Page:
For the city of Louisville, the Kentucky Derby is all the rage with fun, fanfare and spectacular colts and fillies. This not-to-be-missed event is a race that runs the distance of one and one-quarter miles long, and it is run on the dirt racetrack at Churchill Downs. Colts in the race carry 126 pounds and fillies in the race carry 121 pounds. Taking place on the first Saturday in May every year, there are many hands involved in prep work. This year’s crowd drew over 158,000 onlookers. The Derby is the longest continually held sporting event in America. The event this year was a wet go around with rain and mud but ‘Always Dreaming’ took the win anyway. Way to go! But there’s also another win for the Derby City. This one is called ‘Project Win’; specifically designed to control sewer overflows and improve water quality in Louisville. The earliest sewers in Louisville were built in the 1800’s to drain storm water into a river or stream after a rain event.  When indoor plumbing became common in Louisville homes, a sanitary sewer became necessary to drain wastewater.  Projects to accomplish the most effective and stable drainage system for the city have been at the forefront of city organizers for many years.  Additionally-expected during summer-a major reconstruction project will take place for the city. A large expansion of the downtown Waterfront Park on the Ohio River banks will include a 22-acre site plan with the intent to increase green infrastructure. Residents can also expect the site to incorporate interactive features that will connect Portland and downtown, becoming a regional attraction for visitors to downtown in West Louisville from 10th Street to Rowan Street. The project has been years in the making and will enhance the quality of life for residents looking for an enhanced waterfront experience. It will also serve as an impetus for economic development and improved...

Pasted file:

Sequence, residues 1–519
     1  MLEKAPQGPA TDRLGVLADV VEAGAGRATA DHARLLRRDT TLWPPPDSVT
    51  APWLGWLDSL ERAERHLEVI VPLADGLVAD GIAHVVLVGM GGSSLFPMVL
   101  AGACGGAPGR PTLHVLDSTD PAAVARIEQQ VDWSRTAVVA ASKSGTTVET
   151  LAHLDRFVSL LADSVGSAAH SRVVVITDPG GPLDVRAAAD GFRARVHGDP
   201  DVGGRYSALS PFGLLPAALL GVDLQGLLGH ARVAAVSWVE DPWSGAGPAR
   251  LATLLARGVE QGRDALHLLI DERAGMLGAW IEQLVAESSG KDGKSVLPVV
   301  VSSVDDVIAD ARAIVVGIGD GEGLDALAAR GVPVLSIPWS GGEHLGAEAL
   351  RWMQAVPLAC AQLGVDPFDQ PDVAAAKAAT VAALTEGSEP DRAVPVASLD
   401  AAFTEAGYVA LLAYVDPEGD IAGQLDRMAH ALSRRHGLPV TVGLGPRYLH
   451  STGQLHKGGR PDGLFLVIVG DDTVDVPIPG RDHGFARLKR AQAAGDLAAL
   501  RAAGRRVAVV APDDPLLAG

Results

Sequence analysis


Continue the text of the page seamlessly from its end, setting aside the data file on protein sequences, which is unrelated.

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Louisville Builds a Mega Sewer to Reduce Overflows

Dec 12

Louisville Builds a Mega Sewer to Reduce Overflows

Louisville has an extensive sewer system and the city has been obliged to bring their sewer systems up to date in order to withstand the occurrences of heavy rain events. In the recent past, storms have produced overflows and conditions that have precluded this required obligation. Nearby residents can expect ongoing construction of a high-tech, massive tunnel system complete with a 20 million gallon sewage storage basin designed to sharply reduce bacteria-laden overflows into the Ohio River. All of the construction in process will necessitate some of the area parks, specifically Shawnee Park, to be unavailable for months to come. Nearby roadways will also limited thoroughfare during this time. The spacious and historic park will be vastly renewed with over $2 million in upgrades, including redesigned athletic fields for the sports enthusiast. There will also be additions that will include open-air pavilions and more. The current project is expected to be completed within the next four years. An underground basin will collect and temporarily store rain and sewage from three overflow locations that now dump on average 115 million gallons into the Ohio River. The sewer overflows that are produced from heavy rain are expected to drastically decrease by at least 75% upon completion of the project. The tunnel will serve nine combined storm and sewage overflow points. Additionally, some trees will be removed and replaced with appropriate landscaping.  This western Louisville Park has been in line for a major overhaul for some time and is now being renovated entirely. The underground basin will be 480 feet by 208 feet, and 55 feet deep-deep enough to enclose a five-story building. Interesting fact: Louisville has had 11 storms with 3 inches or more of rain in 24 hours in the last decade. Contact us today for all your pipelining needs:...